With that in mind, the Deerfield Beach dancer auditioned two years ago for the touring company of Stomp, the off-Broadway hit in which performers use everything from trash-can lids to basketballs to pound out rhythms.
"I like to listen to a lot of different rhythmic stuff and practice it when I'm driving in my car," says Benjamin, age 31, who also plays drums. "Sometimes I jam with Joe Zeytoonian [a well-known local percussionist]," he says. "It's pretty therapeutic, and I also learn a lot at the same time, because he's a great musician."
His percussive and dancing talents qualified Benjamin for the Stomp show. But when the call came through to go on the road, he was recovering from a knee injury and didn't want to risk reinjury, so he declined. "They [Stomp's directors] said that I was basically still on the A list," Benjamin says.
"Each time we have an audition, we consider Ken," confirms Scott Willingham, associate casting director of Stomp, which originated in England in 1991.
A member of the Miami troupe Gerri Houlihan and Dancers, Benjamin certainly isn't in need of work. But, until that next call from Stomp comes through, he's itching to teach others the fine art of rhythmic movement.
The new Smash Dance class he's teaching at the University Center of the Performing Arts in Davie, "is very Stomp-esque, as far as rhythm and movement put together," explains Benjamin, who moved to South Florida from Barbados as a teen. "Breathing, beating on yourself, sounds from your voice, banging objects -- we'll use pretty much anything that we can think of that makes a noise. And we're going to incorporate movement into that."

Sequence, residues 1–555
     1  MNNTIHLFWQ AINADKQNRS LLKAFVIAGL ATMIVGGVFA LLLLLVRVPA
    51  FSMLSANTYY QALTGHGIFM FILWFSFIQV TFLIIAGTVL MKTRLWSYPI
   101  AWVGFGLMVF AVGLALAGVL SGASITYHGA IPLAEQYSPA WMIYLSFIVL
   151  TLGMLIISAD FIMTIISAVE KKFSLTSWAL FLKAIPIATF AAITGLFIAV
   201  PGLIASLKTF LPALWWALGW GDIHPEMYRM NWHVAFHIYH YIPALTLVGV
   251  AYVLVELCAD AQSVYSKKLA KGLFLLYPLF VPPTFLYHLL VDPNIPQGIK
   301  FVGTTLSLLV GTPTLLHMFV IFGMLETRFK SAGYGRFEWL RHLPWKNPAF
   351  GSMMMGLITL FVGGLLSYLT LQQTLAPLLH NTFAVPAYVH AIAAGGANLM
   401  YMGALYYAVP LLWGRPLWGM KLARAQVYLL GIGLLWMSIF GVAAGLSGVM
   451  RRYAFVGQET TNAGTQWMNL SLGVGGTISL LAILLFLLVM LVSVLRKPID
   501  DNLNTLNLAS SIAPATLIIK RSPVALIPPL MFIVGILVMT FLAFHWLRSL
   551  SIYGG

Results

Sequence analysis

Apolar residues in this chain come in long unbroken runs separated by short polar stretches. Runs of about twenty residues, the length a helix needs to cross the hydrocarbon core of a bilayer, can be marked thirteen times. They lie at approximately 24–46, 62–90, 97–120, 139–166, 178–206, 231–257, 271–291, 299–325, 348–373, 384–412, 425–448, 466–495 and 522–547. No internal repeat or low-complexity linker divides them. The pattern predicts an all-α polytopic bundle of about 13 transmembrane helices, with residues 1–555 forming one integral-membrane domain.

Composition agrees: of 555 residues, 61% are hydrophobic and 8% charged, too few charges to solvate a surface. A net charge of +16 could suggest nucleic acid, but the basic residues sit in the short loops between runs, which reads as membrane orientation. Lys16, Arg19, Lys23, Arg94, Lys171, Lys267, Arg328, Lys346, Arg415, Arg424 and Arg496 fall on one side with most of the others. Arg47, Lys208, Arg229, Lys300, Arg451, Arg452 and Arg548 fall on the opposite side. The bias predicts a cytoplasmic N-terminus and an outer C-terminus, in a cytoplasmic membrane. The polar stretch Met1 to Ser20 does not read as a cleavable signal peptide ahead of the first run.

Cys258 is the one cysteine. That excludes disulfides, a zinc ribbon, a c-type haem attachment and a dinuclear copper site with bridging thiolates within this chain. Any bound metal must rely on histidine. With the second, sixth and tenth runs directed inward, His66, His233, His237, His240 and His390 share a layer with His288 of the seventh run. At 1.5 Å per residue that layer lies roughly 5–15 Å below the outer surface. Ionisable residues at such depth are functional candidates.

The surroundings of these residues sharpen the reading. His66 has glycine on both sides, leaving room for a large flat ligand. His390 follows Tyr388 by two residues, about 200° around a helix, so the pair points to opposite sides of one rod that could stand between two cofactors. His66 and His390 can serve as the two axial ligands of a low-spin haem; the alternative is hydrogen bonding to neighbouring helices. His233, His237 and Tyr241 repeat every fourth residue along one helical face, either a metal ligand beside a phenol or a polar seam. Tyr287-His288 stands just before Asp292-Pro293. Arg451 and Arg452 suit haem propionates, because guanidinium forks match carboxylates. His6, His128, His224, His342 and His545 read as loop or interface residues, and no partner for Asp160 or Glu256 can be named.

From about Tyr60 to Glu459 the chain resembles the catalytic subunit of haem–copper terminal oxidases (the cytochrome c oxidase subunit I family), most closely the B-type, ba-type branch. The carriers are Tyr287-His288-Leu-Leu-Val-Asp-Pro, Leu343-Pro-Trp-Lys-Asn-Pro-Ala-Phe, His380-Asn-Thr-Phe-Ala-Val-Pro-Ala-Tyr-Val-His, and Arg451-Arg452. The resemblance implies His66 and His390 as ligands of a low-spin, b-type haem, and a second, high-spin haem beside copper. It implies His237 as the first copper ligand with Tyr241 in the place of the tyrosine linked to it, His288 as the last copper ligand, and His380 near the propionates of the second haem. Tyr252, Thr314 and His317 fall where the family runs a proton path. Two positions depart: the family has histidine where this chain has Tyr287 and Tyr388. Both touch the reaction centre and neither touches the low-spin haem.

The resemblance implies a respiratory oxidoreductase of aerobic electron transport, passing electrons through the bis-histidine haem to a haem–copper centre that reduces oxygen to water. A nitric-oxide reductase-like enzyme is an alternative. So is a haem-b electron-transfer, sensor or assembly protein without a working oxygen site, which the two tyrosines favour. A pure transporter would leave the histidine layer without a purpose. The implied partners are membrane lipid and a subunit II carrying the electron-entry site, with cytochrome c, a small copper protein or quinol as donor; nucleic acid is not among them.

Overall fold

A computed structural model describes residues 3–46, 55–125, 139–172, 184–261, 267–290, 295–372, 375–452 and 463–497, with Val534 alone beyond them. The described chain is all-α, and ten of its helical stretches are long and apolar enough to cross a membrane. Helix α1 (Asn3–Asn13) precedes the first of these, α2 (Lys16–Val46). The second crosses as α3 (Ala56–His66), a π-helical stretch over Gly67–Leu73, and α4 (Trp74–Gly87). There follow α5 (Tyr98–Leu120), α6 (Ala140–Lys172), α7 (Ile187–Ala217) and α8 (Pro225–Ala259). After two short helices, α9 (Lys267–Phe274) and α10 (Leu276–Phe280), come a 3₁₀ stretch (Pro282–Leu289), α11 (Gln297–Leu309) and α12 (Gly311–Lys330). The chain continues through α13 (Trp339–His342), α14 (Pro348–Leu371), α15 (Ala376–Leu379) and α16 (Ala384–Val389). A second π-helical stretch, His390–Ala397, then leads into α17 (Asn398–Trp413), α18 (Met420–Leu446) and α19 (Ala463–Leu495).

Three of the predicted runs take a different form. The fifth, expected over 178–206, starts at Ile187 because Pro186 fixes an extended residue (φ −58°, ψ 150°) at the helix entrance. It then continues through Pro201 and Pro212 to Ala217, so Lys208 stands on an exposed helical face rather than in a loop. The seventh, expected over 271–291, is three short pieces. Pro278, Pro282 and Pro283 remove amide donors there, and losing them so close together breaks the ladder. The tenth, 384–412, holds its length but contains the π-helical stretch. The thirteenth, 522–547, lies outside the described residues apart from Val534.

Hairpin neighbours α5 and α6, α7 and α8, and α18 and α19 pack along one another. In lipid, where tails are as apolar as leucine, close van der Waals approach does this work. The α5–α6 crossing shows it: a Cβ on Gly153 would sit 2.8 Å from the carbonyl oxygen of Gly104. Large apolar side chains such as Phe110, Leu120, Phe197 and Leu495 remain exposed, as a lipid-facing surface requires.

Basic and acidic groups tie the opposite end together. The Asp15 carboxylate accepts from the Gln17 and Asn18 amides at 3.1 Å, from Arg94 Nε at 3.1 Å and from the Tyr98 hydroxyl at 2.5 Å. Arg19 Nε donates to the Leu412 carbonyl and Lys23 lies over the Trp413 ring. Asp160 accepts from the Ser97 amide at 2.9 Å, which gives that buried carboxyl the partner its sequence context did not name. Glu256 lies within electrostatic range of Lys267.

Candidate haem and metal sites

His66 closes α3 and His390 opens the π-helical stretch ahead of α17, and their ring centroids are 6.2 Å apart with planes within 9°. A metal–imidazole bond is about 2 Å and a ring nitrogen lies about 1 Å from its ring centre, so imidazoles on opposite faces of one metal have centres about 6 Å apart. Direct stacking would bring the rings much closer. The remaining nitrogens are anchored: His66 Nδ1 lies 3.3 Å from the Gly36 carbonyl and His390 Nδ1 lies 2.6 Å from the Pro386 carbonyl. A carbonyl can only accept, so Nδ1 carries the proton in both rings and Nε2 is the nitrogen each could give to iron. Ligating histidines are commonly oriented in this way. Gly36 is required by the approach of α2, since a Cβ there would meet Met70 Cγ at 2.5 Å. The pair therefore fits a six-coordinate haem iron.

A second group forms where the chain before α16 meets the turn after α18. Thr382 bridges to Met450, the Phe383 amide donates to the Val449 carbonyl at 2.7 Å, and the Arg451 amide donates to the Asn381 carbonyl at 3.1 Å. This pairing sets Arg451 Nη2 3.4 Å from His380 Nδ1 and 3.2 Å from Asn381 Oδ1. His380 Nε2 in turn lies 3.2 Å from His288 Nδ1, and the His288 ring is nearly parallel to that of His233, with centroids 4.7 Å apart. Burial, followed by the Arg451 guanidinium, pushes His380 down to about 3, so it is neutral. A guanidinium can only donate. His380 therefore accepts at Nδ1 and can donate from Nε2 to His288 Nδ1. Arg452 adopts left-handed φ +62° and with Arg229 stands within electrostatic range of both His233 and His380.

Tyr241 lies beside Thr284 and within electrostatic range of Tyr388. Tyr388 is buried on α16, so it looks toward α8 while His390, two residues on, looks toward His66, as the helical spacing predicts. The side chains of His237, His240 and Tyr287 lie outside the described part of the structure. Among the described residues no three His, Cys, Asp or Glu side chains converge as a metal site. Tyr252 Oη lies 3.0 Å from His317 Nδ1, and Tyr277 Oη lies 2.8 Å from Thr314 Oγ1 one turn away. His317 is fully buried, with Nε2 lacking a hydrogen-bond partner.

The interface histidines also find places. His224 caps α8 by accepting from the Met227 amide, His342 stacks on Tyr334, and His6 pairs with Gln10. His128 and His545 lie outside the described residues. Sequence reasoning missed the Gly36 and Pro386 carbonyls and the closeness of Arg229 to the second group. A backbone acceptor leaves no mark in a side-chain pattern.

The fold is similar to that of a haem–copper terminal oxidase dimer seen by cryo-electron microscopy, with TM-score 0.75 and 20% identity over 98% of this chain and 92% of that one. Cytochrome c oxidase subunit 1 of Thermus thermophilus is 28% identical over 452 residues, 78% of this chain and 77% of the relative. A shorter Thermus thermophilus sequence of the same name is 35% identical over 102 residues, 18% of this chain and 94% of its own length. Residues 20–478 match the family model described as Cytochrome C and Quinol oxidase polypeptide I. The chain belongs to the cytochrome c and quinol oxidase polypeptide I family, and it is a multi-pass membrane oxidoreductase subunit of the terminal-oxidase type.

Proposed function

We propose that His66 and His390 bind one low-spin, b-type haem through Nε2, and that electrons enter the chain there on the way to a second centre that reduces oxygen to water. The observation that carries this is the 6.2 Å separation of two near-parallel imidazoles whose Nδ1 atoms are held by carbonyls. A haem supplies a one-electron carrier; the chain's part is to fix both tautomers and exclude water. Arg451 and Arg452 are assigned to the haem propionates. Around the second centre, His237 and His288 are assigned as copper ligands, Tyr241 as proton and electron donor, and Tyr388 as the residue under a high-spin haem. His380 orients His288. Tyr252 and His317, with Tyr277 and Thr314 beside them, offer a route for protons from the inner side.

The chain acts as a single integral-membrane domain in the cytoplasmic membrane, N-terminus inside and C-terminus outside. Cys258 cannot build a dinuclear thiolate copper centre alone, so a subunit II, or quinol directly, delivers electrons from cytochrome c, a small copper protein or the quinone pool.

The rhythm part, however, is purely up to the students, who are not required to have any dance background.
"I think a lot of it has to do with your being in touch with yourself and your own personal awareness, and being relaxed," contends Benjamin. To facilitate that relaxation, he'll start class with breathing exercises.
"And we're going to incorporate some improv with that," he says, "have the students, instead of trying to copy someone else's rhythm, use their own creativity within the structure that they've been given."
"Hopefully students will come away [from the class] feeling better about themselves artistically," continues Benjamin, who figures a majority of students will be "just people taking a fun class to be creative after their nine-to-five job, to get rid of the stress of the day."
-- John Ferri